“That approach puts marriage choice at risk, whether related to race or gender or economic or penal status,” Peggy Cooper Davis, a law professor at NYU, wrote in an e-mail. “It puts sexual liberty at risk. It puts parental authority over education and child-rearing practices at risk. It freezes tradition.”
But Smith, who successfully argued the 2003 Lawrence case that found bans on same-sex intimacy to be unconstitutional, said he thinks it’s unlikely that the Supreme Court would overturn the Obergefell decision on gay marriage or Lawrence. There are multiple ways to uphold gay marriage as a right, he argued, and Gorsuch has shown he may be willing to find discrimination based upon sexual orientation unconstitutional.
Roe would also not be the court’s final word on the abortion issue, as both pro- and anti-abortion advocates would likely bring a host of challenges to various state laws that do not allow for rape or incest exceptions to the ban on abortion, for example. Florida State University College of Law professor Mary Ziegler said Alito’s reference to the fetus as an unborn person in the draft also raises questions about whether this new majority would be open to arguments around fetal personhood, and possibly upholding a federal ban on abortion, if Congress were to pass one.
But in many ways, the difference between a court led by Roberts and one led by Alito may be one more of style and speed than substance.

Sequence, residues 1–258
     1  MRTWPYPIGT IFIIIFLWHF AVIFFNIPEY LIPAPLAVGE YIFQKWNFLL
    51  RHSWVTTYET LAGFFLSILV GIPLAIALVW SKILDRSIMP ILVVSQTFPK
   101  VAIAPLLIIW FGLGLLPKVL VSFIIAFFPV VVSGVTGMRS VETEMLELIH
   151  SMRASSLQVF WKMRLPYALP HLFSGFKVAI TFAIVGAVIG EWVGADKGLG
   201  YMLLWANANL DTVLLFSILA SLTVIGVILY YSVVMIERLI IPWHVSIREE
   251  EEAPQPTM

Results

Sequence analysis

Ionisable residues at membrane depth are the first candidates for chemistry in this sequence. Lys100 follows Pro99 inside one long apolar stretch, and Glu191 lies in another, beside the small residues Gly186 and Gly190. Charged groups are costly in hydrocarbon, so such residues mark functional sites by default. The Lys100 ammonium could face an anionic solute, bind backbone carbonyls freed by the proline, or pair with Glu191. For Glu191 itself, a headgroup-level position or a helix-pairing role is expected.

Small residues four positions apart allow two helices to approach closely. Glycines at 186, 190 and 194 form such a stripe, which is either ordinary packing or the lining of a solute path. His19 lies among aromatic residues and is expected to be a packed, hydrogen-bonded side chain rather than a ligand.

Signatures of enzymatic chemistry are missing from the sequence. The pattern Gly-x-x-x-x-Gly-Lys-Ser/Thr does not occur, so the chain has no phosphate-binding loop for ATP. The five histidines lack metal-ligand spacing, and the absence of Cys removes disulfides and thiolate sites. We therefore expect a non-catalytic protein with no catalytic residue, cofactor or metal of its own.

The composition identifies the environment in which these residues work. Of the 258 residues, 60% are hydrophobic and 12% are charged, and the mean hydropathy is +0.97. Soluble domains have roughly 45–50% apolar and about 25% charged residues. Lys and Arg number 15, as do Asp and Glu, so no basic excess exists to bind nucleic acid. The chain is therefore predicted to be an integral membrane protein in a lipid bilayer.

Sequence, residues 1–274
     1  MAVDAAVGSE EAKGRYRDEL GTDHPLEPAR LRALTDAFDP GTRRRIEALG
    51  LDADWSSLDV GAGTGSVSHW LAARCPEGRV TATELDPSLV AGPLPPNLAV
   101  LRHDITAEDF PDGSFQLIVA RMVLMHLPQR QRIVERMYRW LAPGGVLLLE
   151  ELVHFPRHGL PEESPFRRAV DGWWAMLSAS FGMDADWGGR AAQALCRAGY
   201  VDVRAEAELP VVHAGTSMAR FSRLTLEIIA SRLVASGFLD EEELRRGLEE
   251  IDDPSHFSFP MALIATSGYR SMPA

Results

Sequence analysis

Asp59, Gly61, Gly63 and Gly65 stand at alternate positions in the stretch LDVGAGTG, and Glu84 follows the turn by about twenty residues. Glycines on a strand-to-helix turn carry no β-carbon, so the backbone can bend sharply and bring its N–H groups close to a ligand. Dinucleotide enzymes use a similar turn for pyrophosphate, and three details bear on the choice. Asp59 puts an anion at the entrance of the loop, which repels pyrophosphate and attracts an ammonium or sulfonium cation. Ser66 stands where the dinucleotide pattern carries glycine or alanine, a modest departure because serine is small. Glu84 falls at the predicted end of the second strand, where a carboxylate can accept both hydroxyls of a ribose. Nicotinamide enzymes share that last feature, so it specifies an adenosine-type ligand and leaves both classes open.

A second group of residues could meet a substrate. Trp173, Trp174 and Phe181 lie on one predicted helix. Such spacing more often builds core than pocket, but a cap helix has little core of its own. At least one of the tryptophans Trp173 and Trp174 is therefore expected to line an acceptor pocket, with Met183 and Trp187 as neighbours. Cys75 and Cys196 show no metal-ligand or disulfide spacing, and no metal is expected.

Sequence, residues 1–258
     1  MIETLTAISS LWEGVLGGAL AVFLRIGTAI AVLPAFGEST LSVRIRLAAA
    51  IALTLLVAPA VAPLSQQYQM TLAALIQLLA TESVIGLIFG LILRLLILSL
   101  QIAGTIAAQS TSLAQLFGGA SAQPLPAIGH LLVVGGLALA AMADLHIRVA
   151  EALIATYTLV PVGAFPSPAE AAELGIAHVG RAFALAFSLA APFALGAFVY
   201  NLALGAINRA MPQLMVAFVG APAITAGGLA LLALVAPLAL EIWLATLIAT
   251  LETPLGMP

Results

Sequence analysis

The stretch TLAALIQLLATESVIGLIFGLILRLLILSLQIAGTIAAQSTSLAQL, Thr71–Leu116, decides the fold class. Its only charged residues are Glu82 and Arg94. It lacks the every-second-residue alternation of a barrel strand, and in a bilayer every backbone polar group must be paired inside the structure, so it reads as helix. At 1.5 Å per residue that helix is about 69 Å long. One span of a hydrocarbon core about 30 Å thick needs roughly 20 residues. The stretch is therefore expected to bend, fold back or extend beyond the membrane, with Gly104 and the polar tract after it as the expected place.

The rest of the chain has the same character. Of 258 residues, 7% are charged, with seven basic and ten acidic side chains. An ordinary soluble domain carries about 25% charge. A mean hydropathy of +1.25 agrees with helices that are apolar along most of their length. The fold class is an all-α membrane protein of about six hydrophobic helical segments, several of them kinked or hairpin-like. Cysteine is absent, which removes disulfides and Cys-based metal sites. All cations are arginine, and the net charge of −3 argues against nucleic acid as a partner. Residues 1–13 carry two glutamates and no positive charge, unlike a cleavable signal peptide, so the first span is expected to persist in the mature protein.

Kate Shaw, law professor at the Cardozo School of Law, compared the gap between Roberts and his conservative colleagues to the New York city subway system.
“There’s a majority of conservative justices on this court that are on this express train, that [are] trying to get as quickly as possible from point A to point B,” Shaw said. Roberts would also like to get to roughly the same destination as that group, Shaw believes, but, “I think that he would much rather take like a local train with many interim stops.”
Legal scholars believe Roberts wanted to take a gradual approach to undermining Roe, and is attempting to convince his fellow justices — especially Kavanaugh — to sign onto an opinion that would uphold Mississippi’s ban on abortion after 15 weeks’ gestation without fully reversing the precedent. (If he succeeds, which is still possible, it would demonstrate his continued influence over his court.)